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Divided We Stand

Divided We Stand
New book about the 2020 election.

Thursday, June 3, 2010


At Politico, Jonathan Martin reports:

When Sen. Arlen Specter and Rep. Parker Griffith decided to switch parties, they were welcomed with open arms by their new political families in Washington.

But when each returned home to face the voters of his new party, the door was slammed in his face.

That both were so soundly rejected before they even got to the general election — Griffith's defeat in Alabama on Tuesday wasn't even close — illustrates the growing disconnect in both parties between the national political establishment and the grass-roots activists who typically decide primary elections, and between the conventional goals of the national parties and the loftier aims of the rank and file.

In an era of decentralized power, well-informed voters and heightened polarization, primary voters seem intent on making up their own minds and creating a party in their own image, thank you very much. And they're willing to risk a majority to do it.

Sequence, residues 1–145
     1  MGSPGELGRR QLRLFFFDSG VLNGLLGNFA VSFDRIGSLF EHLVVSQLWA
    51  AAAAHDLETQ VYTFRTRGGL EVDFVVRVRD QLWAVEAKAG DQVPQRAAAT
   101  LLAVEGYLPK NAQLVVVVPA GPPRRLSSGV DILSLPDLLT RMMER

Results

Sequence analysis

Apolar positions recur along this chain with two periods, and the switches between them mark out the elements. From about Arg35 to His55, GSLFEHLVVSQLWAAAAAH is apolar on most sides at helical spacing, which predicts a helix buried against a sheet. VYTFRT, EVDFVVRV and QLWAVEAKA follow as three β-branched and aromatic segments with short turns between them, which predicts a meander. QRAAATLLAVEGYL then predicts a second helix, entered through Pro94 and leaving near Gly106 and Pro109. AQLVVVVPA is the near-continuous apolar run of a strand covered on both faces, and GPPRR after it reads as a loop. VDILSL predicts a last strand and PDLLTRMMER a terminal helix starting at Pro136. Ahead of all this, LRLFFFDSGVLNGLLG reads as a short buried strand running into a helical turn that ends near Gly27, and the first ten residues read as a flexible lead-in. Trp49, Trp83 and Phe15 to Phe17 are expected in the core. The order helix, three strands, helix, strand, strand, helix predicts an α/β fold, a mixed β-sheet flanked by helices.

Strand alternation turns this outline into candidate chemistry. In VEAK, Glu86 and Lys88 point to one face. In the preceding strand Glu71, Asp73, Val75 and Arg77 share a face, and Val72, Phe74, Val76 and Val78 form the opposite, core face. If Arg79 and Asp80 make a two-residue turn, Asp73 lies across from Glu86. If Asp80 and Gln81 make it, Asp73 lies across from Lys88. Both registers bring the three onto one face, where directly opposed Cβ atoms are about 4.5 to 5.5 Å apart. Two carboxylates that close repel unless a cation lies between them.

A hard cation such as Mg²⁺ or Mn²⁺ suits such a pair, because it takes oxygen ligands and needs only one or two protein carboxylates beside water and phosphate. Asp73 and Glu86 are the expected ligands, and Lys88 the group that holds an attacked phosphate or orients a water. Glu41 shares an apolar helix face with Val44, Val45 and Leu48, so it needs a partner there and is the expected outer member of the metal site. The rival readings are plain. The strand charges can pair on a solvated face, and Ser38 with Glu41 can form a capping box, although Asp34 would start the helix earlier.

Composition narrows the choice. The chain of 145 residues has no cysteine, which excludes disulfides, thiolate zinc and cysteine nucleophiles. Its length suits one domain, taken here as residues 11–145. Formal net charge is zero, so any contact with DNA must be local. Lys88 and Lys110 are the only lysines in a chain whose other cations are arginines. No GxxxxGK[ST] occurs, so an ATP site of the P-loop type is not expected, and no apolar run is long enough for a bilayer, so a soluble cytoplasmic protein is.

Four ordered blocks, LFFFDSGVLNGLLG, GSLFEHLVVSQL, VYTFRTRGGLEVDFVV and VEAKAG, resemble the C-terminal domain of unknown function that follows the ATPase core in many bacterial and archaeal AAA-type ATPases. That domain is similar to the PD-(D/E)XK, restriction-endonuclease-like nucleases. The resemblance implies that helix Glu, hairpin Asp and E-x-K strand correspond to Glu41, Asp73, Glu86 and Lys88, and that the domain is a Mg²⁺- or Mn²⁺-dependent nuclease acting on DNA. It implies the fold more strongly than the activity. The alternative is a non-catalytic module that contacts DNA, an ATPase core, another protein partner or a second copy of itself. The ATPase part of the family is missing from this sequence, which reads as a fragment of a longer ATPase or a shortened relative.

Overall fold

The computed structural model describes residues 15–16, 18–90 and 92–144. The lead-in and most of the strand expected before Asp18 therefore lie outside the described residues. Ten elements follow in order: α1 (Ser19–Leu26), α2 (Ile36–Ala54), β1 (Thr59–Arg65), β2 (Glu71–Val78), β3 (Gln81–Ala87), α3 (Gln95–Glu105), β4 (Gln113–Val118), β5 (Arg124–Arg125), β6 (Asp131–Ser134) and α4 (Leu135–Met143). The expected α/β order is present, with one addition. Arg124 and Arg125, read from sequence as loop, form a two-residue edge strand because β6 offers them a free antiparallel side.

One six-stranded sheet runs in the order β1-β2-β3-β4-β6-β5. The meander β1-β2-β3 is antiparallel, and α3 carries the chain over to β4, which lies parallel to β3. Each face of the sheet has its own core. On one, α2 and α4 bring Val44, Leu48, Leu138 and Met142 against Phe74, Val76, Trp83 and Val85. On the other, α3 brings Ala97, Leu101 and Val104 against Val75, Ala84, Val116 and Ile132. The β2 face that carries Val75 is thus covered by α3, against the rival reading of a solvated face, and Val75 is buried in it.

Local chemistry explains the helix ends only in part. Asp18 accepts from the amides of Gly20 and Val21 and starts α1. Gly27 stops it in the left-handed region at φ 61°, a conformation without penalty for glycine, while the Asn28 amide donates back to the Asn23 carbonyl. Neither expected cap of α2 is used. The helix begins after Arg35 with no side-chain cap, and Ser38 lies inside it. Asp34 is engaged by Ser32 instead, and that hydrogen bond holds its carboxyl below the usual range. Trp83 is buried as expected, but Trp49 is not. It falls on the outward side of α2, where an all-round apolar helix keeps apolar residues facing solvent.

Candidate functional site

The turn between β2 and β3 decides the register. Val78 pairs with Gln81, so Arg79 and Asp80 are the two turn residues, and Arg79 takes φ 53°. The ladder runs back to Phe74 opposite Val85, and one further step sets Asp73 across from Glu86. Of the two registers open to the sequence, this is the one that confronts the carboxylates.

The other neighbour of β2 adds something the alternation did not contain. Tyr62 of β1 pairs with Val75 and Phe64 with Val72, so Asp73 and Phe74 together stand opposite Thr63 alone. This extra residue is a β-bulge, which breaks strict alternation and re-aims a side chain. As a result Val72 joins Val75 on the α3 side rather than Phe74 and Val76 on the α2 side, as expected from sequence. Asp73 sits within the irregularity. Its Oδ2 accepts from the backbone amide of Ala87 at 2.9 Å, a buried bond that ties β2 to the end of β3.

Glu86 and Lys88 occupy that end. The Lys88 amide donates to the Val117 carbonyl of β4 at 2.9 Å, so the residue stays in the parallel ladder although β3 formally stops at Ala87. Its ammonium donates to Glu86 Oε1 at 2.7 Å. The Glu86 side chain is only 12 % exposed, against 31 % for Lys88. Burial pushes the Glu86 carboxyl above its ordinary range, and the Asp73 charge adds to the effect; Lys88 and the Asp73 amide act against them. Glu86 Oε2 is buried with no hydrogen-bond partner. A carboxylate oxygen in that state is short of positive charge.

Read more:

The contrast with 1994 is evident. After the GOP takeover of Congress, several Democratic House members and a couple of senators (Shelby of Alabama and Campbell of Colorado) switched sides, bolstering the new majority's strength. There had been speculation that if the Republicans fell just short of a majority in 2010, some moderate and conservative Democrats might cross the aisle to put them over the top. But now they might balk at doing so, for fear of losing their seats in 2012.